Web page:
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The association between green space and mental health varies across the lifecourse. A longitudinal study
  1. Thomas Astell-Burt1,2,
  2. Richard Mitchell3,
  3. Terry Hartig4
  1. 1School of Science and Health, University of Western Sydney, Sydney, Australia
  2. 2School of Geography and Geosciences, University of St Andrews, St Andrews, UK
  3. 3Centre for Research on Environment, Society and Health, University of Glasgow, Glasgow, UK
  4. 4Institute for Housing and Urban Research, Uppsala University, Uppsala, Sweden
  1. Correspondence to Dr Thomas Astell-Burt, School of Science and Health, University of Western Sydney, Locked Bag 1797, Sydney, NSW 2751, Australia; T.Astell-Burt{at}


Background Epidemiological studies on green space and health have relied almost exclusively on cross-sectional designs, restricting understanding on how this relationship could vary across the lifecourse.

Methods We used multilevel linear regression to analyse variation in minor psychiatric morbidity over nine annual waves of the British Household Panel Survey (1996–2004). The sample was restricted to residents of urban areas who remained within their neighbourhoods for at least 12 months. The 12-item General Health Questionnaire and confounders were reported for 29 626 male and 35 781 female observations (person-years). This individual-level dataset was linked to a measure of green space availability within each ward of residence. Regression models included age, gender, employment status, household tenure, marital status, education, smoking status and household income.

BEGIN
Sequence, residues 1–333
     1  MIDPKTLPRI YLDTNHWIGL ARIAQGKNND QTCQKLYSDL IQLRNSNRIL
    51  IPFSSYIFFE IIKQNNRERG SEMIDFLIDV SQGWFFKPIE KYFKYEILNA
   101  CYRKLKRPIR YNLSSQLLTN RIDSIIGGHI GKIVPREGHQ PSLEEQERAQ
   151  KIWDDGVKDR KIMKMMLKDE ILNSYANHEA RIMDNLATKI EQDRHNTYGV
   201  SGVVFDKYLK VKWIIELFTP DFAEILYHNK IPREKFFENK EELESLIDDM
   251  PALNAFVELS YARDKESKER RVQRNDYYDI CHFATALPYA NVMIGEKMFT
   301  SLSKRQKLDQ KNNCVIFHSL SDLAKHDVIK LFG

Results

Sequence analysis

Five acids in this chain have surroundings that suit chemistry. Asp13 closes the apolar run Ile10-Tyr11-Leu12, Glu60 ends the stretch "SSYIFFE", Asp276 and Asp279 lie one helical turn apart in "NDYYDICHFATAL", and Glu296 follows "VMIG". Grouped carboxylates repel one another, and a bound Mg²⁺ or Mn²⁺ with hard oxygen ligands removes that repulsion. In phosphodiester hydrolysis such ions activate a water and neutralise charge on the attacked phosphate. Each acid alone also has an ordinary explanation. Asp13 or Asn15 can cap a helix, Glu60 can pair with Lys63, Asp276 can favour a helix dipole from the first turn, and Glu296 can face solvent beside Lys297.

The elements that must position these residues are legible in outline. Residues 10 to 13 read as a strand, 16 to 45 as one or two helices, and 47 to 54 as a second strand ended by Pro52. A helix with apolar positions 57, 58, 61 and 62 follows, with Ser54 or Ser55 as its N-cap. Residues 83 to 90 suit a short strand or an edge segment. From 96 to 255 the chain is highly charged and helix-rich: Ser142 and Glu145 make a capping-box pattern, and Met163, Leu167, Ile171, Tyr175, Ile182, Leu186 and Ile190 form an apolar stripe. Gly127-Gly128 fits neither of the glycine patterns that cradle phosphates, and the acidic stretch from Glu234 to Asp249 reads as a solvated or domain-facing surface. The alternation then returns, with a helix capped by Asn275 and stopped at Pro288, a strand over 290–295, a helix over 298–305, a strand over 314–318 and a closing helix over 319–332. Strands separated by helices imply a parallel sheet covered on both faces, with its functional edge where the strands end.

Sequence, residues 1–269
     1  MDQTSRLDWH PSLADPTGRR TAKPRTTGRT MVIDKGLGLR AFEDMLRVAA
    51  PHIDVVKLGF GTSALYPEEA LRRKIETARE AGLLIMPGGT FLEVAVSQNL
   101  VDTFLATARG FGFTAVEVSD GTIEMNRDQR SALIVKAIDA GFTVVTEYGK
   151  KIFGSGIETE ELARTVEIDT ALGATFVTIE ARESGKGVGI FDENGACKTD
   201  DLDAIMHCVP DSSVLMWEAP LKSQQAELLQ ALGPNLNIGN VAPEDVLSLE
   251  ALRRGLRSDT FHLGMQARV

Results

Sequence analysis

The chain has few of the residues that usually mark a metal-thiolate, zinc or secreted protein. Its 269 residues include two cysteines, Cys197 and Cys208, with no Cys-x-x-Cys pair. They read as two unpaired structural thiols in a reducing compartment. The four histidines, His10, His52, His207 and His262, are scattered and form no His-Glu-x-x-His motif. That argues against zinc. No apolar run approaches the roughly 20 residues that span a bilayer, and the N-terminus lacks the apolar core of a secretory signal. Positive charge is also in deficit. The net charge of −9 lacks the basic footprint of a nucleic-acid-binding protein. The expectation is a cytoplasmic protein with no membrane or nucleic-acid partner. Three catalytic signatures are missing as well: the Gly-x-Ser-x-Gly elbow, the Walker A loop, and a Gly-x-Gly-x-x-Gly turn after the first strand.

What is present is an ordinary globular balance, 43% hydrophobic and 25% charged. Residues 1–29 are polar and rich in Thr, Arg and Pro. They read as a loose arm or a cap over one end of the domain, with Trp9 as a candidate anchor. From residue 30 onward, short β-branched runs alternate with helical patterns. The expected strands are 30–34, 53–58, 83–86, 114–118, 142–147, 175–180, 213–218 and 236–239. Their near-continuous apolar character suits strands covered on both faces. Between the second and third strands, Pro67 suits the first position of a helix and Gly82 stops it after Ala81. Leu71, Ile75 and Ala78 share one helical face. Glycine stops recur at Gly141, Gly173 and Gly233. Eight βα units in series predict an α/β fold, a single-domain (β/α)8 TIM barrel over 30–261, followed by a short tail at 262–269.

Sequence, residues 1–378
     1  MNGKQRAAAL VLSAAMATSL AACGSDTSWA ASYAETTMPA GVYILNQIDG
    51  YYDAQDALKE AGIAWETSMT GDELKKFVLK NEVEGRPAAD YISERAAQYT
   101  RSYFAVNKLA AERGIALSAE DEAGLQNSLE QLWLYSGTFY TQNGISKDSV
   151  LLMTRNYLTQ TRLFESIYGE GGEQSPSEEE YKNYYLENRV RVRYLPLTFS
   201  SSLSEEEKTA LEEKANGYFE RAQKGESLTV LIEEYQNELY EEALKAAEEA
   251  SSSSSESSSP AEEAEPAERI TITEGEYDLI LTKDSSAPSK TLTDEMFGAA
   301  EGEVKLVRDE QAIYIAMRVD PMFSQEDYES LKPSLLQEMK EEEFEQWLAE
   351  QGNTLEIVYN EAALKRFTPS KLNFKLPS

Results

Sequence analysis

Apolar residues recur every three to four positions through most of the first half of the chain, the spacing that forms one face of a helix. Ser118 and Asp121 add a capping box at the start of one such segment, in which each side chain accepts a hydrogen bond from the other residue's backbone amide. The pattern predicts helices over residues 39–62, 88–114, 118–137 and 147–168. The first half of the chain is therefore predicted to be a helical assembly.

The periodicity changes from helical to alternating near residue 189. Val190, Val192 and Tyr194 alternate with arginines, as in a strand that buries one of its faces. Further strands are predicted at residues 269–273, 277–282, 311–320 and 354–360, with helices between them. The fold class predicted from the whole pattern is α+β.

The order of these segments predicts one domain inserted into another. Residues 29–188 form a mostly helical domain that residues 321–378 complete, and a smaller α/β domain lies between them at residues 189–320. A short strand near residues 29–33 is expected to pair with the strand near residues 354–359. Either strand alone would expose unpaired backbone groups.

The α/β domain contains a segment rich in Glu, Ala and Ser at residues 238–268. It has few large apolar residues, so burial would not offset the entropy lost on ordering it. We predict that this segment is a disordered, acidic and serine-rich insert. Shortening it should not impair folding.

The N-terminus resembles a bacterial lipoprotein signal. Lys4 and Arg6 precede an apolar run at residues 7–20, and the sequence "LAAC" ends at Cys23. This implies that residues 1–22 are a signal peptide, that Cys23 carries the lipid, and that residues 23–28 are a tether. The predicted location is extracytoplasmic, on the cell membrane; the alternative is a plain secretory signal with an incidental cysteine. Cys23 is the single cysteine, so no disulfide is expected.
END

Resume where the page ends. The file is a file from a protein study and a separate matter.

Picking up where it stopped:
Results When not considering age, green space was associated with better mental health among men, but not women. Interaction terms fitted between age and green space revealed variation in the association between green space and mental health across the lifecourse and by gender. For men, the benefit of more green space emerged in early to mid-adulthood. Among older women, a curvilinear association materialised wherein those with a moderate availability of green space had better mental health.

Conclusions These findings illustrate how the relationship between urban green space and health can vary across the lifecourse, and they highlight the need for longitudinal studies to answer why green space may be better for health at some points in the lifecourse than others.

  • Environmental epidemiology
  • Geography
  • Health Promotion

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